Lynching is often viewed as a narrow form of violence: either the spontaneous act of an angry mob against accused individuals, or a demonstration of white supremacy against an entire population considered subhuman. However, in this new treatise, historian Guy Lancaster exposes the multiple forms of violence hidden beneath the singular label of lynching.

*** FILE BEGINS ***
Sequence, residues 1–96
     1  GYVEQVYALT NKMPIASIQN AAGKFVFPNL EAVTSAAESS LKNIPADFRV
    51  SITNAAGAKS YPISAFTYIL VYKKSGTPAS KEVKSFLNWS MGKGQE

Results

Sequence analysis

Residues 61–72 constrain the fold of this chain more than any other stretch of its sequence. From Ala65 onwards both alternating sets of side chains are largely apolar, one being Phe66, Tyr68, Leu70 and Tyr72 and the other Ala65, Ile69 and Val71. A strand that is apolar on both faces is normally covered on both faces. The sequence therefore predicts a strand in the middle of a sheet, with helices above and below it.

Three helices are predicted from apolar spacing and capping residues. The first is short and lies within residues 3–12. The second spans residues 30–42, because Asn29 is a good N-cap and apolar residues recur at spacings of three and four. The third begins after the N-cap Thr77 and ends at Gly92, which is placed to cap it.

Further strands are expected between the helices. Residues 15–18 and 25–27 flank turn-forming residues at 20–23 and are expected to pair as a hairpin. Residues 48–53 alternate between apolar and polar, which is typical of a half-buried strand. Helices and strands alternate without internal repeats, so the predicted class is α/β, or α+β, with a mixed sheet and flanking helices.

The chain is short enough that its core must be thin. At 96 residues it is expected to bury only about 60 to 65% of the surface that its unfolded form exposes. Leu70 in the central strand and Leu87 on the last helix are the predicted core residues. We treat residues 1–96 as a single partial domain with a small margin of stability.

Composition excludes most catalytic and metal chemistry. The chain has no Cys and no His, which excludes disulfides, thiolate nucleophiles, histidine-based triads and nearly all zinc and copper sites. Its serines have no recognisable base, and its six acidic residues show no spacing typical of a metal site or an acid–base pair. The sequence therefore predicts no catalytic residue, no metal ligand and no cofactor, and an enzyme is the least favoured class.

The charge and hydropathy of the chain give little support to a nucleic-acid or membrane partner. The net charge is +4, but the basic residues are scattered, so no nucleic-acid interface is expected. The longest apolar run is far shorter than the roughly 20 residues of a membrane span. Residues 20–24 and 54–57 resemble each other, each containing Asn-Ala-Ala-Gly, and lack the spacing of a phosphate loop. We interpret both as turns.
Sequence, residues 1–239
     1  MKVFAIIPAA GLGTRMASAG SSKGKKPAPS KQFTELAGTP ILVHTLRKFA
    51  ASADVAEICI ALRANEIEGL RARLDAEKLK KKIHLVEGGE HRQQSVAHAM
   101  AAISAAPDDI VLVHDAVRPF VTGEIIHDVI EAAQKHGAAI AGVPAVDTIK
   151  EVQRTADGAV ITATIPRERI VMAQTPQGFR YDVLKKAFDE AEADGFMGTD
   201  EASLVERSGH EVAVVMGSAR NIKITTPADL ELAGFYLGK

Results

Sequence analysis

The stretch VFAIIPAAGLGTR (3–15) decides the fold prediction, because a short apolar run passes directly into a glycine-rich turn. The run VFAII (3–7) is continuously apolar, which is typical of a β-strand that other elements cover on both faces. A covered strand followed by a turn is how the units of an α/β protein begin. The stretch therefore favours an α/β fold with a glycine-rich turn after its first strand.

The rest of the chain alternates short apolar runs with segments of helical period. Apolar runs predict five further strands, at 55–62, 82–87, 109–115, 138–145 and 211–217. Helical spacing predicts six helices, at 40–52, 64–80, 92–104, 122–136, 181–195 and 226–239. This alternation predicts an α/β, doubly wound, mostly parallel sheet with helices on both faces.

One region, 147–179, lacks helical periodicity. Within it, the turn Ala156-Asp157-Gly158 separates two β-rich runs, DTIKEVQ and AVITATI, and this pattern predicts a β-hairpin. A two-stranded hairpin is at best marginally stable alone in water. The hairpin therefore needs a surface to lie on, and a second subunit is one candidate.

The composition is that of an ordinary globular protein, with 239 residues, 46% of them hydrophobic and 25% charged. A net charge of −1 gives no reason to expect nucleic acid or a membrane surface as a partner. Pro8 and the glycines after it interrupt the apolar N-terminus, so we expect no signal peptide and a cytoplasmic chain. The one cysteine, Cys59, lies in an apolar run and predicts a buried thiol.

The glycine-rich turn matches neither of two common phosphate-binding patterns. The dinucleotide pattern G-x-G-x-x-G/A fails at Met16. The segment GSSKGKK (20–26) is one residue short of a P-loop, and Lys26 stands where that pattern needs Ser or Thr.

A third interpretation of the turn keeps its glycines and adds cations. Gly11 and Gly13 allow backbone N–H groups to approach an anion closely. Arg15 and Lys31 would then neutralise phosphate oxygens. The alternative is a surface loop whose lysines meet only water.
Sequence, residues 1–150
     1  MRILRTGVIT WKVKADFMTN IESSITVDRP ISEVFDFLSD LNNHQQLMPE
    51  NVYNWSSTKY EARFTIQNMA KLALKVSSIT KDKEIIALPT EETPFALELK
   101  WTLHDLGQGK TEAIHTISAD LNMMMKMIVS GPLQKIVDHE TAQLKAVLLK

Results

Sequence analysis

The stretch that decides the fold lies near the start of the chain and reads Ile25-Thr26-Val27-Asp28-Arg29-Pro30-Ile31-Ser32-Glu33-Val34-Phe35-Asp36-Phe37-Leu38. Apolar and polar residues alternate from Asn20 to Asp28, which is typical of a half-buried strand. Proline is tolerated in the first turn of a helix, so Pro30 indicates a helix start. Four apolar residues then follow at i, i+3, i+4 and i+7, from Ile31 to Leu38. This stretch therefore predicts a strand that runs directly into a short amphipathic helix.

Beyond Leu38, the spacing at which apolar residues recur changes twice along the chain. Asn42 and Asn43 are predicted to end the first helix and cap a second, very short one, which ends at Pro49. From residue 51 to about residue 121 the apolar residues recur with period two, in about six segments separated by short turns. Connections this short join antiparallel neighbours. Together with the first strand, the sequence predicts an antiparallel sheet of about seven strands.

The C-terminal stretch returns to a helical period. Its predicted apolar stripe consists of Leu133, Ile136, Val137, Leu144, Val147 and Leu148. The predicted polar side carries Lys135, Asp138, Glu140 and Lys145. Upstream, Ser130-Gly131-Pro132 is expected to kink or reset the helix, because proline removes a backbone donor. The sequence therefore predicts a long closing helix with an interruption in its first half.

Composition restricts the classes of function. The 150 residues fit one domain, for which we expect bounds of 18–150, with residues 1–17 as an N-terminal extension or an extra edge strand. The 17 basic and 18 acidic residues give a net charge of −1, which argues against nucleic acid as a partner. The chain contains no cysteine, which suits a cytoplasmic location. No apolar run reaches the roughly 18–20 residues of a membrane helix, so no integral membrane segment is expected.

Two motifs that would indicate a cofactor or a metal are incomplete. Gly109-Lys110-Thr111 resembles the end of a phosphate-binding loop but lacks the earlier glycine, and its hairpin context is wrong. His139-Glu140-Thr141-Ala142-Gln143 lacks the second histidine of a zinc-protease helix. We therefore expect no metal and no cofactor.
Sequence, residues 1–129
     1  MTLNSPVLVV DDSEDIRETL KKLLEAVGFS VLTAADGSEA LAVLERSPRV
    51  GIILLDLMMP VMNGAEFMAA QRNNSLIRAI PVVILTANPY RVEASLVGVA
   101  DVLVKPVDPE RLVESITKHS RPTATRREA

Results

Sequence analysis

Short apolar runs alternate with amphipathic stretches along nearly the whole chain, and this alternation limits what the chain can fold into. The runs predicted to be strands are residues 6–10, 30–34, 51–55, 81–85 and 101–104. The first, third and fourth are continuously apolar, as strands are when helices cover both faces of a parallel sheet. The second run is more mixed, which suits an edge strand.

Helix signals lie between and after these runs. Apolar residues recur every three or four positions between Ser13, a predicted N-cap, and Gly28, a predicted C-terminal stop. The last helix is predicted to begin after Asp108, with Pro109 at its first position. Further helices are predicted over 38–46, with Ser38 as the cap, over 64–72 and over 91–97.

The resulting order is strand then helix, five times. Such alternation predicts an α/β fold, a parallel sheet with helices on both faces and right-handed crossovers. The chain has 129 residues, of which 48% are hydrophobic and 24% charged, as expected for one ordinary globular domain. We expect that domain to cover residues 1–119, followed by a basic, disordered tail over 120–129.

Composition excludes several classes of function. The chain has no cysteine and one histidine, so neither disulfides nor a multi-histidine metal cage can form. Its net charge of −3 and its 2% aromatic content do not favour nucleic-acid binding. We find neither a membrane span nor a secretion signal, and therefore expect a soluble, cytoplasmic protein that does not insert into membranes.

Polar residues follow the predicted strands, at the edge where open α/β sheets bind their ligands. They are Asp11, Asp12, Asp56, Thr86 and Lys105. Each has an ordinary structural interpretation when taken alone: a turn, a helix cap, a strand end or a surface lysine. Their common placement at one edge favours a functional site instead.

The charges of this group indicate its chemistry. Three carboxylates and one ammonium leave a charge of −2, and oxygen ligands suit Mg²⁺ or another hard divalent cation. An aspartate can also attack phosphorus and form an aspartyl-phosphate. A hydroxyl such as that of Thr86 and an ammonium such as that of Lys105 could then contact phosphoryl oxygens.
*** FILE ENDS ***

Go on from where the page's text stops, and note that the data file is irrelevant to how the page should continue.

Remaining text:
Lancaster, who has written extensively on racial violence, details several lynchings of Blacks by white posses in post-Reconstruction Arkansas. Drawing from the fields of history, philosophy, cognitive science, sociology, and literary theory, and quoting chilling contemporary accounts, he argues that the act of lynching encompasses five distinct but overlapping types of violence. This new framework reveals lynching to be even more of an atrocity than previously understood: that mobs did not disregard the humanity of their victims but rather reveled in it; that they were not simply enacting personal vengeance but manifesting an elite project of subjugation. Lancaster thus clarifies and connects the motives and goals of seemingly isolated lynch mobs, embedding the practice in the ongoing enforcement of white supremacy. By interrogating the substance of lynching, American Atrocity shines new light on both past anti-Black violence and the historical underpinnings of our present moment.